Tosun Proving Goalscoring 'Knack'

by Paul McNamara
@Everton

Ask a top-class striker what goes through their head as they move in for the kill and you will likely be met with a blank look.

The same emotionless expression, in fact, painted on their features when they consider the whites of the goal and prepare to take aim.

There are the moments centre-forwards live for, when the most ruthless marksmen retreat into a mental space occupied by little other than an inner peace, at odds with the damage they are poised to inflict.

Witness Cenk Tosun’s cold-eyed cool at the clutch moments.

“It looks like he has got that knack,” said Sam Allardyce. “He seems to be born with that instinct of where to be.”

Tosun knows what to do when he gets there, too. His raw scoring statistics are impressive enough. But scratch beneath the surface and you are confronted with figures which talk of a man whose predatory flair is innate.

Everton’s January signing from Besiktas has scored four times in his past three matches. All three of his attempts against Stoke City on Saturday were directed on target, with the 26-year-old’s strike-rate of 66.67 per cent in the Potteries bettered by only one player in the Premier League across the weekend.

Tosun’s clinical nature and inherent belief in his own ability enable him to employ a degree of patience on the pitch. He does not go chasing chances where they do not exist, nor does he snatch at openings when they arrive.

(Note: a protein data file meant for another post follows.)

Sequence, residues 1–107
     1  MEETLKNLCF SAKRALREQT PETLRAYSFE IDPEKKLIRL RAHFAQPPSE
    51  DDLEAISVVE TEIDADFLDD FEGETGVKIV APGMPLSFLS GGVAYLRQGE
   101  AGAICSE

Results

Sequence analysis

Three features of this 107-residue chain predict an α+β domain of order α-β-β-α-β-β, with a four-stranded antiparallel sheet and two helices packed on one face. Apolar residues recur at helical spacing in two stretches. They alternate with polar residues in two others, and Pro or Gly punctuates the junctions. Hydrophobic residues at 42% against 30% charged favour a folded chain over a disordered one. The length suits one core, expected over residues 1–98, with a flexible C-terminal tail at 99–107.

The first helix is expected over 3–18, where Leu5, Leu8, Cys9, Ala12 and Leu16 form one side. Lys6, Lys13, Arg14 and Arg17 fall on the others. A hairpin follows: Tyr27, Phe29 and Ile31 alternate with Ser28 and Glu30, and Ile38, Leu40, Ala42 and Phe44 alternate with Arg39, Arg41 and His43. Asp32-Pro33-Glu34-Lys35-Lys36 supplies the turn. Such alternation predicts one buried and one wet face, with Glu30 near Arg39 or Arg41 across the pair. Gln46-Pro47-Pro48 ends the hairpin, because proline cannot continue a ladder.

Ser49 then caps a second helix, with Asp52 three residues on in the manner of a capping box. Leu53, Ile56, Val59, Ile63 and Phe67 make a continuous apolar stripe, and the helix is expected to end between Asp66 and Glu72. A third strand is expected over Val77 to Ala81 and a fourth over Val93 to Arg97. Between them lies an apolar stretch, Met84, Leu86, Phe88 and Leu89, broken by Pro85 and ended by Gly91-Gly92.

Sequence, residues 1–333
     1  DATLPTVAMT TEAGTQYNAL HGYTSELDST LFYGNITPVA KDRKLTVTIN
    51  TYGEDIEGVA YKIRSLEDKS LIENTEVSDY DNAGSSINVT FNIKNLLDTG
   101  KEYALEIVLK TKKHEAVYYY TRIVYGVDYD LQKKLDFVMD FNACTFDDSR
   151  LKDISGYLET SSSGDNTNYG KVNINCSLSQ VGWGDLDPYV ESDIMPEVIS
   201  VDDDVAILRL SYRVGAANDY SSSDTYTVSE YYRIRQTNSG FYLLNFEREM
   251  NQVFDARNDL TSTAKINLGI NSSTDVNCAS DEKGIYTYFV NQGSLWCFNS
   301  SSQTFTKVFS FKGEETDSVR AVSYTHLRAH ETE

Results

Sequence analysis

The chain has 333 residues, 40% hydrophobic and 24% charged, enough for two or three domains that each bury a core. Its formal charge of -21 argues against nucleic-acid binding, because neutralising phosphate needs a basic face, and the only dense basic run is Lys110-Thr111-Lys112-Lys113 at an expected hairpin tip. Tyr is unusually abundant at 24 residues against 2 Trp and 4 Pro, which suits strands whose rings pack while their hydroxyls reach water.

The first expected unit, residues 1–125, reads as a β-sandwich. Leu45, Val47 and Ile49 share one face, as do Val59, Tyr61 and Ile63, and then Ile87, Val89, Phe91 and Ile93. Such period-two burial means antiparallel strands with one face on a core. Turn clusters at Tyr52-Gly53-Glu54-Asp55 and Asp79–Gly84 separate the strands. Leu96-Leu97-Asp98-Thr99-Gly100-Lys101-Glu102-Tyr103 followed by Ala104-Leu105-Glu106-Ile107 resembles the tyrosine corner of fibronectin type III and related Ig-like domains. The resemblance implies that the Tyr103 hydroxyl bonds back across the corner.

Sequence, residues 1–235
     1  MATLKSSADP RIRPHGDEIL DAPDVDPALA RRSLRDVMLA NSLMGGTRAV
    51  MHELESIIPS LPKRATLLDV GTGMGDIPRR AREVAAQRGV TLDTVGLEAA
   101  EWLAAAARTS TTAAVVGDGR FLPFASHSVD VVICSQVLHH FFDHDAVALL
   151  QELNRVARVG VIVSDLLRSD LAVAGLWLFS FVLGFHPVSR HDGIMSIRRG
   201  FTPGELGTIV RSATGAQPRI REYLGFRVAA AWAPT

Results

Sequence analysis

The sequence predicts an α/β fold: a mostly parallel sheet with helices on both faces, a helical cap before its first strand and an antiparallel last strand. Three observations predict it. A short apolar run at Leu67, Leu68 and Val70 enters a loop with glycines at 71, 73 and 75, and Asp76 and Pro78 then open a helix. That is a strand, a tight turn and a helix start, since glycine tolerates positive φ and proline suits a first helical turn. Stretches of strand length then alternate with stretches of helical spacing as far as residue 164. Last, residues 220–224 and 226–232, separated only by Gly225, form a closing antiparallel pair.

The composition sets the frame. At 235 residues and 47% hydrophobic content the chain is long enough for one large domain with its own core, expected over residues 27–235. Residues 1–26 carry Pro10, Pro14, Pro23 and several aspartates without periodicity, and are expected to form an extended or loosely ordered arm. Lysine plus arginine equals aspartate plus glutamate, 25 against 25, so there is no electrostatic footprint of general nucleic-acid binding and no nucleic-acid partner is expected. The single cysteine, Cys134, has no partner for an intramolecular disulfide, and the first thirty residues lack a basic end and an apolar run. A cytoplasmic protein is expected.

Seven of his eight shots in the matches with Burnley, Brighton & Hove Albion and Stoke made the opposing goalkeeper work, at the very least.


Amid the flying bodies and muddled minds of a Premier League penalty area, Tosun retains his head, while all around him lose theirs. To extend the Kipling analogy, he trusts in himself where others have doubts.

He used these qualities to telling effect at Stoke’s bet365 Stadium, assuredly climbing to his feet after seeing a header saved, then detachedly observing the intervening scramble, before swooping in to wrap his left foot around the ball and lash it into the net to open the scoring.

Tosun had used his right foot to net against Brighton the previous week. He sandwiched these two strikes with smart headed finishes – at Burnley and then, decisively, for his second goal at Stoke.

“He’s always had the finishing in his locker,” said Everton manager Allardyce.

“His hold-up play has got better. He’s got the whole array of finishing in his locker – heading, left foot, right foot, tap-ins, follow-ups – he’s got this knack of being in the right place at the right time and he was certainly that with the quality of his second finish at Stoke.”

Tosun thrives on balls into the box. Accordingly, Everton’s wide players are instructed by Allardyce to provide a regular, blue-chip service for their Turkish striker.

Theo Walcott’s perfectly-flighted delivery to set up Tosun at the weekend was one of 13 crosses sent in from open play by the quartet of Walcott, Yannick Bolasie, and raiding full-backs Seamus Coleman and Leighton Baines.

Tosun does his bit in this respect, too. He picked out Walcott in front of goal with a wonderful right-wing ball of his own, moments before the two traded roles for Everton’s winning goal.

Wayne Rooney, meanwhile, was the nexus of much of his side’s attacking endeavours. The midfielder is renowned for his execution of pass. But his decision-making is equally impeccable.